Acer XF251Q Gaming Monitor Review: Ideal Budget Rig Companion

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Bottom Line

If you’ve lamented the dearth of inexpensive gaming monitors that actually perform well, your troubles may very well be over. The Acer XF251Q offers excellent performance and solid build-quality for around $200 at this writing. While it runs a bit slower than more expensive screens and offers a little less resolution, its overall performance is quite good. We were impressed with its nicely saturated image and build quality. This is a solid package that complements modest gaming rigs perfectly.

During our benchmark tests, we did find flaws in its gamma tracking. A slightly dark trace means that some mid-tone details may be harder to see. Color in that same brightness range is a little more saturated. It may be off-spec, but we found the added image depth and vividness to be a good thing. That, coupled with excellent contrast, made for a surprisingly good picture that easily had us forgetting about the XF251Q’s FHD resolution.

1920x1080 pixels can look good when the screen size is relatively small. At 24.5 inches, this monitor offers a respectable 90ppi. That’s enough for sharp detail and, more importantly, helps the panel perform well with less expensive video cards. Our Radeon R9-285 easily kept the frame rates between 60 and 70 fps in both Tomb Raider and Battlefield 4, and that was with detail set to Maximum. Thanks to a well-implemented overdrive, 75Hz and FreeSync, we saw no instances of motion blur, ghosting, or frame tears.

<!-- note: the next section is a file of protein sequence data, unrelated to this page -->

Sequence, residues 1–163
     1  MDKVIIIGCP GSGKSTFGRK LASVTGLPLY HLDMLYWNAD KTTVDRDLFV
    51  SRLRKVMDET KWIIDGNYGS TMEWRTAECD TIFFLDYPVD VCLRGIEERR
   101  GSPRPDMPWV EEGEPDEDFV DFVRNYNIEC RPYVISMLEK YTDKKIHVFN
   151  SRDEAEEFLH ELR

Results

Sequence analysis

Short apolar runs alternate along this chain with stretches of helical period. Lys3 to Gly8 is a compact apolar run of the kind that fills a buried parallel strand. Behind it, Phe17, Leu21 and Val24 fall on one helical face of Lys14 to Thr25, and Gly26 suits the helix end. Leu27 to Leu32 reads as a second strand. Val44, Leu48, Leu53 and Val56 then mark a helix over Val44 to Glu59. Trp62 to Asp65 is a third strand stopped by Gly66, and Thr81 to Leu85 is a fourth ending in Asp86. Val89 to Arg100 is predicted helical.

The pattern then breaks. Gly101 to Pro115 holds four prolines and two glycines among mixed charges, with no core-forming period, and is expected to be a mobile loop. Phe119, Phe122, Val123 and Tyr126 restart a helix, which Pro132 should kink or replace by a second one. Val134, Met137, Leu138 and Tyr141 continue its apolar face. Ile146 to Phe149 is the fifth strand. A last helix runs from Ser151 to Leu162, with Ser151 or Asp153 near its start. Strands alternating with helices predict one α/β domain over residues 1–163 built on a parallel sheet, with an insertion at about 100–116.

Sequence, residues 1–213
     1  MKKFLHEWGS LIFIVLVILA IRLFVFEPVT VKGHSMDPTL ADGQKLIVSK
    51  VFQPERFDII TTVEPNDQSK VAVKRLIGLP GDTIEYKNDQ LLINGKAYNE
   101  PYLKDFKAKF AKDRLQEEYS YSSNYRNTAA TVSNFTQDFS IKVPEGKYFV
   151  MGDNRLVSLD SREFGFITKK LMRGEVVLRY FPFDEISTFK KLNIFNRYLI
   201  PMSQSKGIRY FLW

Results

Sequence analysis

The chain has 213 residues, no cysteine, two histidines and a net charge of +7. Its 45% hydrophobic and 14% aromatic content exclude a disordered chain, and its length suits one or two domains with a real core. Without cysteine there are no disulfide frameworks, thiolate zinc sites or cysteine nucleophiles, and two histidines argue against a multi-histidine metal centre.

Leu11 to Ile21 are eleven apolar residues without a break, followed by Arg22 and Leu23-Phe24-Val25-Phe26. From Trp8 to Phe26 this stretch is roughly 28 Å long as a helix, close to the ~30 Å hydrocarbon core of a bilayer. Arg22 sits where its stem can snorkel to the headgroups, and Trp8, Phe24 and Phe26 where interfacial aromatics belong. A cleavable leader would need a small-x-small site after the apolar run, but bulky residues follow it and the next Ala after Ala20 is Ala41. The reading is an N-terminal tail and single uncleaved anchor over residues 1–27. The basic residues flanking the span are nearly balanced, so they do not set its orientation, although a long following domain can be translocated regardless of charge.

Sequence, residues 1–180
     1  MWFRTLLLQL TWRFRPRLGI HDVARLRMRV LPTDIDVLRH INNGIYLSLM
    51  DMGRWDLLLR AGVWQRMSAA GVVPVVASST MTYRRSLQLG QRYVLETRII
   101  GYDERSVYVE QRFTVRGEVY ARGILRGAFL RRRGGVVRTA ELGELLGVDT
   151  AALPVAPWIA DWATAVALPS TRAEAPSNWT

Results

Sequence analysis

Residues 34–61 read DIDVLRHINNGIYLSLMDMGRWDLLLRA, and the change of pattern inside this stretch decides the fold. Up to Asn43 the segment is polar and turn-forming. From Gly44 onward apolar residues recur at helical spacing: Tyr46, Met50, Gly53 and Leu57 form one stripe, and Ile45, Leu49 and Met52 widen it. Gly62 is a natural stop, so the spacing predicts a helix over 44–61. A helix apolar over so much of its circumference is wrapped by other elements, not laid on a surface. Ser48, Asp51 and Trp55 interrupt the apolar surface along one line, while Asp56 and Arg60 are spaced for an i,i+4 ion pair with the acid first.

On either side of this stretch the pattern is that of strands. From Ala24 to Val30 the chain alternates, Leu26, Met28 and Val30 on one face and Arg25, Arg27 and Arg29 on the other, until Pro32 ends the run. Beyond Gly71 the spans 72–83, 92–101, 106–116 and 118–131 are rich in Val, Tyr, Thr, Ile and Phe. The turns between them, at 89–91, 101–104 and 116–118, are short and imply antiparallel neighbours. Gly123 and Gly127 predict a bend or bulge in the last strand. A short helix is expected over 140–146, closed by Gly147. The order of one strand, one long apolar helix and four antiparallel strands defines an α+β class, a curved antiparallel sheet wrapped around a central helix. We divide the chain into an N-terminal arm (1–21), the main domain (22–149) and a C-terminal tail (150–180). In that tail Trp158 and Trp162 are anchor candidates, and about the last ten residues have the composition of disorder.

It’s easy to get a great monitor when you have $600 or more to spend. When your budget is a third of that, good screens are harder to find. Acer has answered the call for value with the XF251Q. If you have a modest gaming rig or a system built on a budget, it’s an ideal display that should be on your short list.

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Christian Eberle
Contributing Editor

Christian Eberle is a Contributing Editor for Tom's Hardware US. He's a veteran reviewer of A/V equipment, specializing in monitors. Christian began his obsession with tech when he built his first PC in 1991, a 286 running DOS 3.0 at a blazing 12MHz. In 2006, he undertook training from the Imaging Science Foundation in video calibration and testing and thus started a passion for precise imaging that persists to this day. He is also a professional musician with a degree from the New England Conservatory as a classical bassoonist which he used to good effect as a performer with the West Point Army Band from 1987 to 2013. He enjoys watching movies and listening to high-end audio in his custom-built home theater and can be seen riding trails near his home on a race-ready ICE VTX recumbent trike. Christian enjoys the endless summer in Florida where he lives with his wife and Chihuahua and plays with orchestras around the state.

  • Rakanyshu
    6 or 8 years ago i bought a couple 24 inches screens similar to this thing for 100 each, is ridiculous that after so much time the only thing that changes is price... i mean screens and ram modules are almost the same as 8 years ago only more expensive... (ddr3 to ddr4) for regular computer usage you would not notice the difference and there is almost not worth it to buy this monitor if you already have one you bought in this decade.
  • mikeebb
    I'm interested, though, because the old Dell (Sony Trinitron) CRT needs replacement.